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The processor would be a prime cause for suspicion as the cause of the problem, as the SR300 prefers a 6th generation Intel Core 'Skylake' as its official minimum spec. However, this is not an absolute rule and other types of processor have worked with it (though it becomes more of a lucky dip whether it works or not if a different processor type is used).
Apollo Lake (the architecture of your Celeron J3455) uses Skylake's graphics GPU architecture though, so you would think that this would significantly increase its chances of compatibility with the SR300.
The symptoms you have experienced are more indicative of an issue with the USB ports rather than the processor. On some PCs, the USB port does not supply the camera reliably with enough power for the camera to be detected, or the camera signal stalls as soon as it connects. A missing Virtual Driver can also be caused by this. A powered USB hub is often an instant cure for this in many cases, though not in every case, and I see from your message that you have tried a powered hub yourself and not had success, sadly.
Intel has some guides to troubleshooting camera connectivity and power issues at the top of the front page of the forum. You may find some useful guidance in those if you have not seen them already.
I would also ask whether you installed the Windows 10 Creators Update (Build 15063) on your NUC? This has been causing problems with the depth component of SR300 cameras.
Something else caught my eye, though it not necessarily related to your RealSense issues. In your Device Manager, you have yellow exclamation-mark warning errors in the Other Devices section of it, for the PCI Device and PCI Simple Communications Controller components. This can indicate that drivers for these components are missing or malfunctioning. Though if something gets filed into the Other Devices category, it could be more likely because Windows cannot identify what that hardware is, even though it knows that something is present. From my experience, I believe that these PCI component names are generic names that are given to devices that Windows cannot identify.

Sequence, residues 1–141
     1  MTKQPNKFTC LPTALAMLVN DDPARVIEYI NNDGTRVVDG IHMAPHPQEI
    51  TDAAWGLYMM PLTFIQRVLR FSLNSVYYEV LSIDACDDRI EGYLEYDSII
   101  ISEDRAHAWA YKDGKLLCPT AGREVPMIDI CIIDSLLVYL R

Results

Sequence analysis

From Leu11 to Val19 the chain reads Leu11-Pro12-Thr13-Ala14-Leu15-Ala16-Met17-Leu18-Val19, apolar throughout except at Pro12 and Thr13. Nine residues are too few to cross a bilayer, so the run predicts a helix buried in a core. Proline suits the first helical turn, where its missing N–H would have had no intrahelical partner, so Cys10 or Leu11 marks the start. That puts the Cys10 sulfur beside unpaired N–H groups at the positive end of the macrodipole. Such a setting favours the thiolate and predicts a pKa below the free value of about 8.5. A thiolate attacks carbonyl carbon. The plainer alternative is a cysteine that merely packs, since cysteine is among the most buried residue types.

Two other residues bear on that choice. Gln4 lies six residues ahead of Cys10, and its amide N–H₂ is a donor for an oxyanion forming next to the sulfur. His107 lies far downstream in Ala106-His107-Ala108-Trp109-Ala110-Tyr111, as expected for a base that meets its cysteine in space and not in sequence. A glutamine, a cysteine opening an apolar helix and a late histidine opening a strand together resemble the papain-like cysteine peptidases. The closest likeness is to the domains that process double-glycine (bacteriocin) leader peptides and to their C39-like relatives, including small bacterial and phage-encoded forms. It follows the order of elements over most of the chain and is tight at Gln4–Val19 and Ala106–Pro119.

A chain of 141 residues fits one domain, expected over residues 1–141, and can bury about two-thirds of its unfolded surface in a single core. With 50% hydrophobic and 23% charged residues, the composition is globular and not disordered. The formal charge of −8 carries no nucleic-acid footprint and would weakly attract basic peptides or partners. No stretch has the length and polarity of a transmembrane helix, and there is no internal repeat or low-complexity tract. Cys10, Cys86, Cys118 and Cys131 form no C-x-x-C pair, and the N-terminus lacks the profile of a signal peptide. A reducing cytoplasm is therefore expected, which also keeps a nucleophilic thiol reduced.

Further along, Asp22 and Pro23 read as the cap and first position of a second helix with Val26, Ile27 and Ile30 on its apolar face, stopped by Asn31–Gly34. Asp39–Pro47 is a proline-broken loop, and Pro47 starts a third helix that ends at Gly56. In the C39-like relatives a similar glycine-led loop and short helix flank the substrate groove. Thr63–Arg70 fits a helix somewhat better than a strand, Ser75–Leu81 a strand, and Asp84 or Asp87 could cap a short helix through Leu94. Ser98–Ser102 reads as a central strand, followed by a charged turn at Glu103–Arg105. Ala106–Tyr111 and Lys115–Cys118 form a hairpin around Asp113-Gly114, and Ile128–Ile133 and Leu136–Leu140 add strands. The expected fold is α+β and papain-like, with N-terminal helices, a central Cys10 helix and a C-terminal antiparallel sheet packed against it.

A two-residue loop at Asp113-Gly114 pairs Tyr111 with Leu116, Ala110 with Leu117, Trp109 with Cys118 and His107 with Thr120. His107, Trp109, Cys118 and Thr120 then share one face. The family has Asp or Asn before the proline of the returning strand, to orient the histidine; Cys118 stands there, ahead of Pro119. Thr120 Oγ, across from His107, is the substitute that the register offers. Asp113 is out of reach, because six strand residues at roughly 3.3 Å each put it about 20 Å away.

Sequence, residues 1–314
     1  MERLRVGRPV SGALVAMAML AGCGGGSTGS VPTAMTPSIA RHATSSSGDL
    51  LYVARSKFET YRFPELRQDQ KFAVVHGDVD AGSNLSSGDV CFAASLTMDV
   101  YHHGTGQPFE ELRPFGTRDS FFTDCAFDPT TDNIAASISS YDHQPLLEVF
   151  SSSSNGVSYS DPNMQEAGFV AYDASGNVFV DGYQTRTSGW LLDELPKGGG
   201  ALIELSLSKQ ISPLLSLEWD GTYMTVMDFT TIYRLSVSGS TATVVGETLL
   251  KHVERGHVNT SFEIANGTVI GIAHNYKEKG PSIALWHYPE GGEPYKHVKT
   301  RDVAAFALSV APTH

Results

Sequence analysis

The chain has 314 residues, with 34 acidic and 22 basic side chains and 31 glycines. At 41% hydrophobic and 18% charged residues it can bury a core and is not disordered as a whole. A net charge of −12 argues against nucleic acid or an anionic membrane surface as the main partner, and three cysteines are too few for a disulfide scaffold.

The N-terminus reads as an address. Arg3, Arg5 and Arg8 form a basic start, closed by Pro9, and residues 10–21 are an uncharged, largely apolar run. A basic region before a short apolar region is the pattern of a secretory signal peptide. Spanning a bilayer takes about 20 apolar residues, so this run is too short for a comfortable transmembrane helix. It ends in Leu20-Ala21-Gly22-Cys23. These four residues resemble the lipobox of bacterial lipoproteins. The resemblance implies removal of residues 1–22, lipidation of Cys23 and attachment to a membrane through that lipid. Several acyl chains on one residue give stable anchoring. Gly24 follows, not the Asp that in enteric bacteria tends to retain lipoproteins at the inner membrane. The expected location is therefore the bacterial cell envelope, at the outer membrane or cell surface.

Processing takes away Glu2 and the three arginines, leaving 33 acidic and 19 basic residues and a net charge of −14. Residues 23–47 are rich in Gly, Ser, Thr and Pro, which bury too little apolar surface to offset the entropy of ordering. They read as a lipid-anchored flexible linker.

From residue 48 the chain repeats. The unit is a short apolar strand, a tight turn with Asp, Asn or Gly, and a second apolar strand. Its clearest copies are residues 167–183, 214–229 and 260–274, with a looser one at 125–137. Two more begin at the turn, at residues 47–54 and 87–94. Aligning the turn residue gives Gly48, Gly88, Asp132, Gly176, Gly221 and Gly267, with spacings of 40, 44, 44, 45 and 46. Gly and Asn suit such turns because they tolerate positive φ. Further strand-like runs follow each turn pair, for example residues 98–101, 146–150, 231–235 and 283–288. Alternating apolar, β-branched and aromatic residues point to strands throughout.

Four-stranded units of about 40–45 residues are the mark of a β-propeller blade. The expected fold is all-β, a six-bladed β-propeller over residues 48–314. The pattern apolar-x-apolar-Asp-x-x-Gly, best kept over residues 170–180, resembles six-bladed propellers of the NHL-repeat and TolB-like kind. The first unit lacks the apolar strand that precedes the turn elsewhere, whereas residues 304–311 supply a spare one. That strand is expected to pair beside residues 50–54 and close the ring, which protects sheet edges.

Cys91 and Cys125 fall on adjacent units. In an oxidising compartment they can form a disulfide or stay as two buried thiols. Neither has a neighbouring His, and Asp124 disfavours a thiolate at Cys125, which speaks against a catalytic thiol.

It may be worth trying Windows' 'Troubleshooting' interface.
1. Bring up the Control Panel's troubleshooting window. You can find this by typing 'troubleshoot' into the text box at the bottom of your Windows screen, next to the button where you shut down.
2. Go to the 'Hardware and Sound' section and click on the 'Configure a device' option.
3. On the next window that appears, click on the 'Next' button to start a scan of your hardware.
Thanks for the reply. I have tried this link but it didn't help with my problem.
I am running Windows 10 build 14393, so Creators Update is not the problem either.
I have fixed my driver issues using the Intel Driver Update Utility, but that didn't work either. At this point I think the CPU is probably the cause. I forgot to mention that I also have a RealSense R200 camera which installs successfully, but it has a lower processor requirement (4th Gen).
SR300's do sometimes work with a lesser processor than the recommended 6th gen, but the odds decrease the further back you go. At 5th gen it is 50-50 chance of success at best, and usually none at 4th gen. Though highly skilled forum contributor jb455 says that third-party re-branded versions of the SR300 such as the Razer Stargazer and Creative BlasterX tend to work with 4th gen in his experience where the official Intel SR300's do not.